“This is the Free Trader Beowulf, calling anyone. Mayday, Mayday.”
If roleplaying games had made it out to Waterloo Oxford District Secondary School in the 1970s, nobody told me. My first exposure to RPGs (or rather, the fact that RPGS even existed) was 1979’s “On Tabletop Universes,” an essay by a then twenty-year-old John M. Ford, published in Asimov’s. I thought the whole idea sounded pretty stupid.
Actual exposure to RPGs had to wait until fall 1980 and my first year in university, when I was introduced to Game Designers Workshop’s  Traveller . I blame this game for the thirty-plus years I’ve spent playing the damn things, not to mention the twenty-plus years I spent and working in various capacities in the RPG industry.
And the three little black books looked so innocent.…
Traveller (now called Classic Traveller to distinguish it from later editions) was first published in 1977, which made it among the first wave of RPGs to follow Dungeons and Dragons , the daddy of all RPGs. Where D&D was fantasy, Traveller was science fiction; Traveller also distanced itself from D&D with a simple, eye-catching cover.
and interior art by artists like Donna Barr.
The three core books for Traveller , the ones sufficient to generate characters and run a campaign, were Book One: Characters and Combat , Book Two: Starships , and Book Three: Worlds and Adventures . By the time I encountered Traveller (in a commandeered classroom on the third floor of the University of Waterloo’s Math and Computer building) there were expansions available for the core system — but those three books were the heart of the game and they are what I will review.
[I am cheating a little because I don’t have copies of the Little Black Books on hand. I have my 1982 The Traveller Book , which collected Books One through Three , plus something called Book Zero , which I won’t get into.]
Book One: Characters and Combat
Whereas other RPGs tended to focus on characters at the beginning of their lives, Traveller offered characters who already had experience. First came the six Universal Personality Profile stats: strength, dexterity, endurance, intelligence, education and social standing. The first three stats were also the character’s hit points, which meant not only were characters with high strength, dexterity and endurance likely to be better at physical tasks, they were more likely to survive the various dangers they would no doubt encounter.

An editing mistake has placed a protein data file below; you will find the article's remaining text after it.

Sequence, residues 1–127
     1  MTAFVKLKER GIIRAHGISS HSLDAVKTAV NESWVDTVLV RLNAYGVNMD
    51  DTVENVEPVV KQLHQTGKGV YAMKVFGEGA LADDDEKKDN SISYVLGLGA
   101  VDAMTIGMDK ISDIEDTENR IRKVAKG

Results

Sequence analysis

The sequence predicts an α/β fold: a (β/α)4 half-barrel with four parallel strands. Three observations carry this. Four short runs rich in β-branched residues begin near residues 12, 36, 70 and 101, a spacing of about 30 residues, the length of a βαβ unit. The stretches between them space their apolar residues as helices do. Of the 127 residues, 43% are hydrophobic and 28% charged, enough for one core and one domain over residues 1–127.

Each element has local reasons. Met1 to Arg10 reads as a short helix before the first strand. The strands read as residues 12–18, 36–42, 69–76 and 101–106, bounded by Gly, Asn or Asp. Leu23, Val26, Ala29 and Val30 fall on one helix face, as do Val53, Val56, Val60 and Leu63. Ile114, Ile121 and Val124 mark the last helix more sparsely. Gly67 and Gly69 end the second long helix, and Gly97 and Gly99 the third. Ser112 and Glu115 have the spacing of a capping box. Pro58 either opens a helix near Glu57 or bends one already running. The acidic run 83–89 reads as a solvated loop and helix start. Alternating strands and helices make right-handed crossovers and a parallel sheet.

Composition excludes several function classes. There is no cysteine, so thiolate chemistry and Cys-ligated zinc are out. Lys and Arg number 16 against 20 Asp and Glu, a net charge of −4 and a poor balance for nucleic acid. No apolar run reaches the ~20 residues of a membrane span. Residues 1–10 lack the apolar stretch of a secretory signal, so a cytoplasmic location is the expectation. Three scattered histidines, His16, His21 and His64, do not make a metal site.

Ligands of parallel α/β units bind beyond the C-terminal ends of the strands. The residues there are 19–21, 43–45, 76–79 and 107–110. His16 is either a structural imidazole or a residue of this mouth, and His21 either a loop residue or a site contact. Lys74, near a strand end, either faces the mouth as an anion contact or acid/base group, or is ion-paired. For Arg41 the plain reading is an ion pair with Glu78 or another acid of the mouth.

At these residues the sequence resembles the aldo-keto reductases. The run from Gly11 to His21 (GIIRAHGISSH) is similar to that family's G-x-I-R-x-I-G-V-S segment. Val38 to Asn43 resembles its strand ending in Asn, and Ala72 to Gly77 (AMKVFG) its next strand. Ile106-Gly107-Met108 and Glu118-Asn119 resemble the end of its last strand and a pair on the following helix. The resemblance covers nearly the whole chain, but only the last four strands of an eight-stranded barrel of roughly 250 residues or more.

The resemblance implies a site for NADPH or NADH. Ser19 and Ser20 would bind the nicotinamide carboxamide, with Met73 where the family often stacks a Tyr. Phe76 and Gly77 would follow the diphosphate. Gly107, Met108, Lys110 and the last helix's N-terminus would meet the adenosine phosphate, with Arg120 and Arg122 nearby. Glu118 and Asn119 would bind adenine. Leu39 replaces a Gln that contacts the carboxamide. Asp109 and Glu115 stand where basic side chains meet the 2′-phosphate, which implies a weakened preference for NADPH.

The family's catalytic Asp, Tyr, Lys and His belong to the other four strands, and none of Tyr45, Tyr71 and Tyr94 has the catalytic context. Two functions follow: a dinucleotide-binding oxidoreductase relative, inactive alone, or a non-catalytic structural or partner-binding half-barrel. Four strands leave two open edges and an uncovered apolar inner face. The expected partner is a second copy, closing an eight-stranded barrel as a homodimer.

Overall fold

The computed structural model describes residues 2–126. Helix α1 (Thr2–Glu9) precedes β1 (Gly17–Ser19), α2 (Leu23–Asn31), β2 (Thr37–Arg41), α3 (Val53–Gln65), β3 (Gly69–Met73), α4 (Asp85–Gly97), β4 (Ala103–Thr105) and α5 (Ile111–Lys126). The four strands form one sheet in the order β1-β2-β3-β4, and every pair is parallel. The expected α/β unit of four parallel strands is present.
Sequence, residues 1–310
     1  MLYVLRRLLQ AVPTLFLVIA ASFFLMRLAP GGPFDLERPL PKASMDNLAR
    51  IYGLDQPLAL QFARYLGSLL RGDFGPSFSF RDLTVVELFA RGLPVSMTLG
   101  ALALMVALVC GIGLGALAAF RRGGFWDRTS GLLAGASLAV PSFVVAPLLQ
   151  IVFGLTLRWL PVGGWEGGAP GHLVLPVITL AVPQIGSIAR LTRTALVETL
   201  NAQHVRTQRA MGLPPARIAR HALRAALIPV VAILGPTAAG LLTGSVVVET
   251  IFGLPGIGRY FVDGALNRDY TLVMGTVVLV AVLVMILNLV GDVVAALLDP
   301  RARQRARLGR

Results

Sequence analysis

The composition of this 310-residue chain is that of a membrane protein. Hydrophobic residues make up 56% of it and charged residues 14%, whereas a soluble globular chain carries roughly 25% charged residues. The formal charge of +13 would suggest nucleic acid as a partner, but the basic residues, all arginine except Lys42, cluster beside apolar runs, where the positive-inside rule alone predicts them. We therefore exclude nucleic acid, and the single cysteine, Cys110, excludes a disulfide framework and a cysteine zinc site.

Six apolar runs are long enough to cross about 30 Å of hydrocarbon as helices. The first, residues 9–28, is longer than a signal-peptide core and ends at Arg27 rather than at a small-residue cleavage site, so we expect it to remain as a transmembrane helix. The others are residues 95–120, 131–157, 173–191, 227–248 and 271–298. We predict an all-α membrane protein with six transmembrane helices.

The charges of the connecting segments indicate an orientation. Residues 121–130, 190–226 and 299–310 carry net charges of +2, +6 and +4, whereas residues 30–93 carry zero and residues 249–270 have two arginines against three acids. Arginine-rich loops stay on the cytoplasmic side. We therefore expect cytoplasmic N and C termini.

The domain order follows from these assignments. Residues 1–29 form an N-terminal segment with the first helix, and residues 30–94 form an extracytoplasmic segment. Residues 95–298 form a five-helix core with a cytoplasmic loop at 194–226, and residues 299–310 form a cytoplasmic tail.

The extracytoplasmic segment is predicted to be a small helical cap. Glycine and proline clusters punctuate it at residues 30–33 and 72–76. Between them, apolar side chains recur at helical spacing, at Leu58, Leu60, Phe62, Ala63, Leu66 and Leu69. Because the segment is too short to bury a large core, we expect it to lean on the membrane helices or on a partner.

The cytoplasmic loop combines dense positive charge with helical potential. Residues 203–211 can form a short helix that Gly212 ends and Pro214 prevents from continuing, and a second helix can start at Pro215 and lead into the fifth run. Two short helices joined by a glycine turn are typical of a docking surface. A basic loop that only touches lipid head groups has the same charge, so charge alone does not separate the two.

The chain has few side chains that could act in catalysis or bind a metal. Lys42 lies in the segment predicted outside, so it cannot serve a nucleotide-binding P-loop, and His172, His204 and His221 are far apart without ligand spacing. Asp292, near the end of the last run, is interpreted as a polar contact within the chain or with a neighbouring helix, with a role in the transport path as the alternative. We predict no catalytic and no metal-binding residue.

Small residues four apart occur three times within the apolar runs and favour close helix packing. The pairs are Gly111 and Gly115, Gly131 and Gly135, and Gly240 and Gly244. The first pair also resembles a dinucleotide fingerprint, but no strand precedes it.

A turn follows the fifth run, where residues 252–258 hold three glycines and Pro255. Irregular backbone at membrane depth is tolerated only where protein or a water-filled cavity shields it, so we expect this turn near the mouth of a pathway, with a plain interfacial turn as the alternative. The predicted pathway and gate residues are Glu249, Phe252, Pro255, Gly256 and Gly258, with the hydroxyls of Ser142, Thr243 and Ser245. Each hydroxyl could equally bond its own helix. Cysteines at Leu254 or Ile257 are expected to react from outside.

Players then had to randomly determine how the character’s career had progressed prior to play. While players had some choice regarding which the service the character entered, the rest of the character’s career was up to the whim of the dice. Would you be playing someone who had been kicked out of the army after one four year term? Would you be playing a scout who had been exploring the galaxy for twenty-eight years? Only the dice knew.
Character skills depended on choice of service, service length, and random selection. Older characters tended to know more, so there was some incentive to avoid retirement for as long as possible. There were two complications: first, after age thirty-four, characters had to roll to determine how well their characters were aging. Physical stats might decline with time, leaving the player to choose between (A) playing a character who was vigorous but inexperienced or (B) playing one who was experienced but not as spry as they used to be.